Wednesday 17 October 2018

Recording studio of first ever Beatles disc to be featured at exhibition

The Percy Phillips studio was the first recording studio in Liverpool, and witnessed an important historical musical moment.

John, Paul and George recorded at Percy Phillips’ Sound Recording Services in Liverpool (PA Archive/PA)
John, Paul and George recorded at Percy Phillips’ Sound Recording Services in Liverpool (PA Archive/PA)

By Lucy Mapstone, Press Association Deputy Entertainment Editor

The first ever recording by the Beatles – and the record studio it was created in – will be celebrated in a special exhibition during a week of events honouring the iconic music group.

The debut recording of The Quarrymen, which consisted of John Lennon, Sir Paul McCartney and George Harrison years before they evolved into the Beatles, took place 60 years ago on July 12 1958 at Percy Phillips’ Sound Recording Services in Liverpool.

That recording on an acetate disc, now considered to be the most valuable record in the world, will be remembered at The Percy Phillips Studio Collection exhibition during International Beatle Week in Liverpool on August 26.

ipanews_6e96ac9c-1cdf-4ed9-bafa-4e45039c8b81_embedded925563
The Quarrymen are remembered in Liverpool (Phil Noble/PA)

The Quarrymen’s first acetate disc included their rendition of Buddy Holly’s hit That’ll Be The Day, and a McCartney and Harrison track, In Spite Of All The Danger.

The studio, founded by First World War veteran Percy Phillips in 1955 in his small terraced house in the Kensington area of Liverpool, will also be mocked-up for the exhibition, and it will house historic memorabilia and previously unseen and unheard artefacts from the time.

One of the historical pieces on display will be a log book with entries from The Quarrymen’s first ever recording.

Phillips’s grandson Peter said he has wanted to showcase the studio for more than 30 years, in order to get his grandfather’s name added to the history of the Beatles, as the founder of what could be considered the birthplace of the band.

Peter told the Press Association: “It’s been a long-held ambition of mine to release this material. Grandpa died in 1984 and we were left with his studio equipment and all of this archive of acetate discs, which we looked after.

“And then my dad died just a couple of years later, so I was left with it all.

“I decided in 1987, having never read about grandpa in a Beatles history piece – if you looked at some of those books from the 1970s and 1980s, no-one ever mentioned Percy Phillips or The Quarrymen, really.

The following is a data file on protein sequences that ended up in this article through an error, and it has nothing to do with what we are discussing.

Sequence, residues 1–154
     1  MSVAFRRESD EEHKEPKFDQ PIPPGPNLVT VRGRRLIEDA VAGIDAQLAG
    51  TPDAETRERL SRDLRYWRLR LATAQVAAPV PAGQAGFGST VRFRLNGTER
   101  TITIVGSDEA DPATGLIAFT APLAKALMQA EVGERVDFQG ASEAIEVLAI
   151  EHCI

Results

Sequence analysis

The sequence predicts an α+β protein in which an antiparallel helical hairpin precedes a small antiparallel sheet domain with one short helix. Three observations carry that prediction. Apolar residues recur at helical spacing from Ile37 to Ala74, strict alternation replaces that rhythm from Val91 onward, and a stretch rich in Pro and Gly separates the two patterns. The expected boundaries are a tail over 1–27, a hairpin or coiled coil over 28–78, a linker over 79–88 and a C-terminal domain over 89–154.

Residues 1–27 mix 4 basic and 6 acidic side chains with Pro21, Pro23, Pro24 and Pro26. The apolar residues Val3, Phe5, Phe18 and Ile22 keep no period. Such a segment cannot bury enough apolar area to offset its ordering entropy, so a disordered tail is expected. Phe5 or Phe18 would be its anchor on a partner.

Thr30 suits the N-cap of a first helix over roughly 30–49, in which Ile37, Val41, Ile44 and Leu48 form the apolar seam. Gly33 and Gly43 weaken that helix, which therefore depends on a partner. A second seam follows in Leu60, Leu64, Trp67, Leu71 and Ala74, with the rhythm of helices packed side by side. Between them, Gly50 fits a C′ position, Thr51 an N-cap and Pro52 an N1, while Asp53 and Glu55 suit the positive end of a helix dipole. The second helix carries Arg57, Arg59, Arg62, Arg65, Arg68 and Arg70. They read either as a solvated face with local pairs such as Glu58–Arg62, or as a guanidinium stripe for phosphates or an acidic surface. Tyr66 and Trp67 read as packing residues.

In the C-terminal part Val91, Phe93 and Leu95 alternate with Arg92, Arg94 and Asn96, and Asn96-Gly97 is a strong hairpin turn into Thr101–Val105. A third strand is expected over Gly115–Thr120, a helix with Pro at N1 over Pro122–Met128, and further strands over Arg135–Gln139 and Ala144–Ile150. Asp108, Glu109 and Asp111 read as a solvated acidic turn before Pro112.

ipanews_6e96ac9c-1cdf-4ed9-bafa-4e45039c8b81_embedded925578
The Quarrymen’s first disc (in 2005) (Phil Noble/PA)

“So I went about trying to change that situation, and it has changed since then. I think the first thing we saw was in 1995, when the Beatles released their anthology project, and the first CD had two tracks they recorded at grandpa’s studio.

“And there was a piece on the sleeve notes about the studio, so ever since then, The Quarrymen and Percy Phillips and that recording have finally become known to Beatles fans.”

Peter said he had previously been approached by some record companies to release material, but that he “never felt comfortable doing it”, because “they often wanted to cherry-pick, whereas I wanted to have it released as a collection.

“It’s not all about the Beatles, although obviously they made their first record there, but it’s all about this other history, the history of Liverpool,” he said.

In addition to being considered as the birthplace of the Beatles, Percy Phillips Sound Recording Services was known for cutting the first disc for Liverpool’s original rock and roll star Billy Fury, and comedian Ken Dodd, in 1958.

Phillips also cut the first ever football pop song for Everton Football Club in 1963.

Peter said Percy had not guessed at the time that Lennon, McCartney and Harrison, when recording in his studio along with other members of The Quarrymen, including Colin Hanton and John Duff Lowe, would go on to be as successful as they were in the Beatles.

“Being in his 60s when he recorded The Quarrymen, he wasn’t a massive fan of rock and roll,” he said.

“Rock and roll came to Liverpool, but it didn’t really come to Percy Phillips.

The Percy Phillips Studio Collection exhibition, part of International Beatles Week in Liverpool, will take place August 26.

Press Association

Entertainment Newsletter

Going out? Staying in? From great gigs to film reviews and listings, entertainment has you covered.

Editors Choice

Also in Entertainment

Back to top